Nature’s bounty: How this man from the Valley turned his love for flowers into his livelihood

For eight years, Firdous Ahmad Mir would skip his classes to visit the famous Kashmiri gardens. He would happily do it for his love for floriculture.

For eight years, Firdous Ahmad Mir would skip his classes to visit the famous Kashmiri gardens. He would happily do it for his love for floriculture.

His love affair with it continued for a long time until one day he decided to act on it. As soon as he graduated, he turned a big stretch of land at his native village at Kanipora, Kulgam into a flower garden and within years, Firdous expanded his venture from three to ten kanals of land. At the same time, he started attending floriculture workshops around the country to brush up on his skills.

Today, Firdous grows 70,000 different varieites of tulips – which he had brought from Holland- in his ten poly houses and other varieties of flowers like Lilium, Carnation, Gerbera, and Gladiolus.

Registered with the state Floriculture department, this 30 year-old floriculturist supplies flowers and seeds to prominent departments of the state and just last year he supplied tulips to Srinagar’s botanical garden. Now, along with a group of young men, he’s also started his own marketing team and delivers flowers to different parts of the country.

“I am currently sending flowers to Ludhiana, Delhi, Chandigarh and Jammu. After I realised it’s growing demand I also started marketing it in south India,” he says.

Firdous showed us a long list of clients across the country adding, “More clients are approaching me.”

Firdous’s mentor is his uncle Muhammad Sultan Bhat- who has been growing flowers since the past three decades, but when it comes to running the business, he is one step ahead. We say so, because other than marketing and cultivating flowers, he’s into landscaping work.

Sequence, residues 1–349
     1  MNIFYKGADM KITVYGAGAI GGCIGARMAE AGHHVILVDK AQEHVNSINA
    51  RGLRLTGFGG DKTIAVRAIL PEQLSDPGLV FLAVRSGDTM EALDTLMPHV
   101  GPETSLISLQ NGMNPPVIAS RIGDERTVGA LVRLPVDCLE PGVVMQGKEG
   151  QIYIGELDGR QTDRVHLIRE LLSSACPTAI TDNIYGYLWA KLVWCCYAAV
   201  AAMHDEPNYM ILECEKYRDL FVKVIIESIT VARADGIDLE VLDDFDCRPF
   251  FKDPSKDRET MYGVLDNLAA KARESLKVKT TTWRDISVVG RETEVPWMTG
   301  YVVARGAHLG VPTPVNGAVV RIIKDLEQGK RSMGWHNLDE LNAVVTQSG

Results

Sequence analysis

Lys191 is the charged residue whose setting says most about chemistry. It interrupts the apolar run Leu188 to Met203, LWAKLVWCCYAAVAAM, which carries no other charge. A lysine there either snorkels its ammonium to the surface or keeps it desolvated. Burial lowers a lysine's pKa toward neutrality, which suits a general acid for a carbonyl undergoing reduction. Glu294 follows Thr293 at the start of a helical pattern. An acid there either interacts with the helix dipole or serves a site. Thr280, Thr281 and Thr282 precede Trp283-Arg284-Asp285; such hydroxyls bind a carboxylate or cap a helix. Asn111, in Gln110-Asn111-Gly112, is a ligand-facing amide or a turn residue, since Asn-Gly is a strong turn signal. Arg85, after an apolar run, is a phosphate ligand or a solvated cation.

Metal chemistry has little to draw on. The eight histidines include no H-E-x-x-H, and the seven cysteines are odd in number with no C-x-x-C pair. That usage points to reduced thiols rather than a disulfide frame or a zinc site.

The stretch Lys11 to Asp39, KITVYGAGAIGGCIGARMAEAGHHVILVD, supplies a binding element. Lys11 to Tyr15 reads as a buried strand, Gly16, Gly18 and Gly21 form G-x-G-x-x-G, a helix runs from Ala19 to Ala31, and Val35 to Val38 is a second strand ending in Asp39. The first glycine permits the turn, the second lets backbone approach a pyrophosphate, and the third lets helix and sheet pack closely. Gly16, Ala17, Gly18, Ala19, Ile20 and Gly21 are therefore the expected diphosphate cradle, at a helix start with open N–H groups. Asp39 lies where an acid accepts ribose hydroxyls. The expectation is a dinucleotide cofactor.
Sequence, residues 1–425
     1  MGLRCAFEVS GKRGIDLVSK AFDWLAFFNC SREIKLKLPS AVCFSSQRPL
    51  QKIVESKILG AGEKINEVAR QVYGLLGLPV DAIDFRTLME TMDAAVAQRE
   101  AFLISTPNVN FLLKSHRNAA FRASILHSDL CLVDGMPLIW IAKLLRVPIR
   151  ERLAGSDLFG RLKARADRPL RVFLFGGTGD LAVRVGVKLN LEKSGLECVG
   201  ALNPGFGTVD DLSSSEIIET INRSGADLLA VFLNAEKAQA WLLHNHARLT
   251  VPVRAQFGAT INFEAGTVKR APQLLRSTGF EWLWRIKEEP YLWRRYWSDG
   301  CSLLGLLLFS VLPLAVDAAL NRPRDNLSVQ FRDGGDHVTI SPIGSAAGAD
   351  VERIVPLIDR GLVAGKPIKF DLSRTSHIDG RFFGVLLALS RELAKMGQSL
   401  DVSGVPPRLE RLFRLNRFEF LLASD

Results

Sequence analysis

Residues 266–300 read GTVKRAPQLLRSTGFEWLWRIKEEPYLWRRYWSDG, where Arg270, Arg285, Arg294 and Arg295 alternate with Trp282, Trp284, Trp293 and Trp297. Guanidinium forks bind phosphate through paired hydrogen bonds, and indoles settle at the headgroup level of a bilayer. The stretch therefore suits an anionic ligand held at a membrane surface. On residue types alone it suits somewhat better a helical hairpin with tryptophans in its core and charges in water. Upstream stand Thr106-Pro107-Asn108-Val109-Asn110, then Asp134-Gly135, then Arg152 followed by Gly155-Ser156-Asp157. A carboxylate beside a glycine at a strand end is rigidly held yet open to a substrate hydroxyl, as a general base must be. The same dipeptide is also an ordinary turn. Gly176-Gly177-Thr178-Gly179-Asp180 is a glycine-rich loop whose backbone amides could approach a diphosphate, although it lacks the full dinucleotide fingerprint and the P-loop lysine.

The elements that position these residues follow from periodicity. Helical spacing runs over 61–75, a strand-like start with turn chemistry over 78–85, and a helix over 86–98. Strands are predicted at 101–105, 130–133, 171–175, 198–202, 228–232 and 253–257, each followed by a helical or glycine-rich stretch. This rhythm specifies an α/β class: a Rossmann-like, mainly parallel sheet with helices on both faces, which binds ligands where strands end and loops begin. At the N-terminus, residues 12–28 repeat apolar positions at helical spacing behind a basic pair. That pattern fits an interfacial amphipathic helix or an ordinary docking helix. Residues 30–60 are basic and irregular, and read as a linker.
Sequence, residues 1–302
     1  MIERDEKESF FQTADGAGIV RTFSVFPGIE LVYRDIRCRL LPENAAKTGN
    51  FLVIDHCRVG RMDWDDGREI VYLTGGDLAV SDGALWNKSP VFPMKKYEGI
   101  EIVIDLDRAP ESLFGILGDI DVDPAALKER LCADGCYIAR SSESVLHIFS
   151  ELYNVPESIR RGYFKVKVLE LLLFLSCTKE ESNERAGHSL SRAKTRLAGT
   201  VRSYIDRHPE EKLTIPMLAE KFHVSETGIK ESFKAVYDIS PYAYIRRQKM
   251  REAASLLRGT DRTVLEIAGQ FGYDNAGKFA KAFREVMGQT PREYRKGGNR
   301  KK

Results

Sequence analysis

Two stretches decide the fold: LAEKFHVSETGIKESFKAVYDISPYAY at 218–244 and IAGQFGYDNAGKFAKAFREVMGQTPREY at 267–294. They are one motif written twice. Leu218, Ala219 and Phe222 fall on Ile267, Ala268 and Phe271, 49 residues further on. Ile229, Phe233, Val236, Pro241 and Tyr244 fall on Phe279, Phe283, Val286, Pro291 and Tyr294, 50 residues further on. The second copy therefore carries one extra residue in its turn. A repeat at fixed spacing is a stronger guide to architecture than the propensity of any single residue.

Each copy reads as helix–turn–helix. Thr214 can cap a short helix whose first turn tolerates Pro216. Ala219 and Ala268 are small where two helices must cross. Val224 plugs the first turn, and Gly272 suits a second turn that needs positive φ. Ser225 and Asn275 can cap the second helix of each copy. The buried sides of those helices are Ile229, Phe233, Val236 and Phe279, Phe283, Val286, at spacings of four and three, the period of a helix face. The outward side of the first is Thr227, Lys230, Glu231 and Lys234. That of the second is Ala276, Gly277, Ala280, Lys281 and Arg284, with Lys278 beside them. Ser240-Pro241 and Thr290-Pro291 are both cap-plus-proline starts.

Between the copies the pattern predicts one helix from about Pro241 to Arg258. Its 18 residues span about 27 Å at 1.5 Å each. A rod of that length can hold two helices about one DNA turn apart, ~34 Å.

When asked about how did he get into landscaping, Firdous says, “After getting registered with the floriculture department in 2009, I undertook a landscaping project at the Srinagar Airport where I groomed my skills.”

People started recognising his work and the rest is history.

It will be an understatement to say that Firdous is at the right place at the right time as currently, floriculture has a major potential in the valley. The boom started in the 90s, 1996 to be precise when an area of 80 hectares for flower cultivation catapulted to a whooping 350 hectares. However, like everything else, there is still room for improvement.

Firdous says that the government can do more by providing subsidy on air freight as flowers cannot be transported through road pertaining to the high temperature outside the state.

“We have a huge market outside the state but it becomes difficult to transport flowers due to the high air fare. A kilo of flowers costs us Rs 28. If government provides us a subsidy on the fare, our business can develop manifold. This might even influence people to get into the business,” said Firdous.

Firdous wants more and more people to take up floriculture and also has a message for the youths of the Valley.

“The youths of the Valley should not run after government jobs. Instead, they should explore other options. I want to expand my business, and provide job to many more unemployed youths of Kashmir.”